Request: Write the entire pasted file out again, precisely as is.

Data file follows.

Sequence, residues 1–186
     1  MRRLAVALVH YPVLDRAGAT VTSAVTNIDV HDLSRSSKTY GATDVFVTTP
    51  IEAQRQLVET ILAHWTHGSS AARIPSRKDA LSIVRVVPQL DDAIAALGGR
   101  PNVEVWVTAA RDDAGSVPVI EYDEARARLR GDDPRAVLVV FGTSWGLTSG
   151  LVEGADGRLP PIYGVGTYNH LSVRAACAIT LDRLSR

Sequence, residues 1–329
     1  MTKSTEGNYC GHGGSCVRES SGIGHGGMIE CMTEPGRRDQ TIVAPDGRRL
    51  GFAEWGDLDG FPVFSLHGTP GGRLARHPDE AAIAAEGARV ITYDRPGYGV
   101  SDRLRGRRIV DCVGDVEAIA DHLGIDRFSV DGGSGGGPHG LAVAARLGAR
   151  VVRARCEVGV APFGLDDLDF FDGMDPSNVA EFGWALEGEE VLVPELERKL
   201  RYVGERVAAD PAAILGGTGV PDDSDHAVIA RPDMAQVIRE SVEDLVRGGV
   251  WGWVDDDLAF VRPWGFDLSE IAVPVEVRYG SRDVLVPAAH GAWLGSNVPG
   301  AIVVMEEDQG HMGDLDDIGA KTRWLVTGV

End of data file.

Sequence, residues 1–186
     1  MRRLAVALVH YPVLDRAGAT VTSAVTNIDV HDLSRSSKTY GATDVFVTTP
    51  IEAQRQLVET ILAHWTHGSS AARIPSRKDA LSIVRVVPQL DDAIAALGGR
   101  PNVEVWVTAA RDDAGSVPVI EYDEARARLR GDDPRAVLVV FGTSWGLTSG
   151  LVEGADGRLP PIYGVGTYNH LSVRAACAIT LDRLSR

Sequence, residues 1–329
     1  MTKSTEGNYC GHGGSCVRES SGIGHGGMIE CMTEPGRRDQ TIVAPDGRRL
    51  GFAEWGDLDG FPVFSLHGTP GGRLARHPDE AAIAAEGARV ITYDRPGYGV
   101  SDRLRGRRIV DCVGDVEAIA DHLGIDRFSV DGGSGGGPHG LAVAARLGAR
   151  VVRARCEVGV APFGLDDLDF FDGMDPSNVA EFGWALEGEE VLVPELERKL
   201  RYVGERVAAD PAAILGGTGV PDDSDHAVIA RPDMAQVIRE SVEDLVRGGV
   251  WGWVDDDLAF VRPWGFDLSE IAVPVEVRYG SRDVLVPAAH GAWLGSNVPG
   301  AIVVMEEDQG HMGDLDDIGA KTRWLVTGV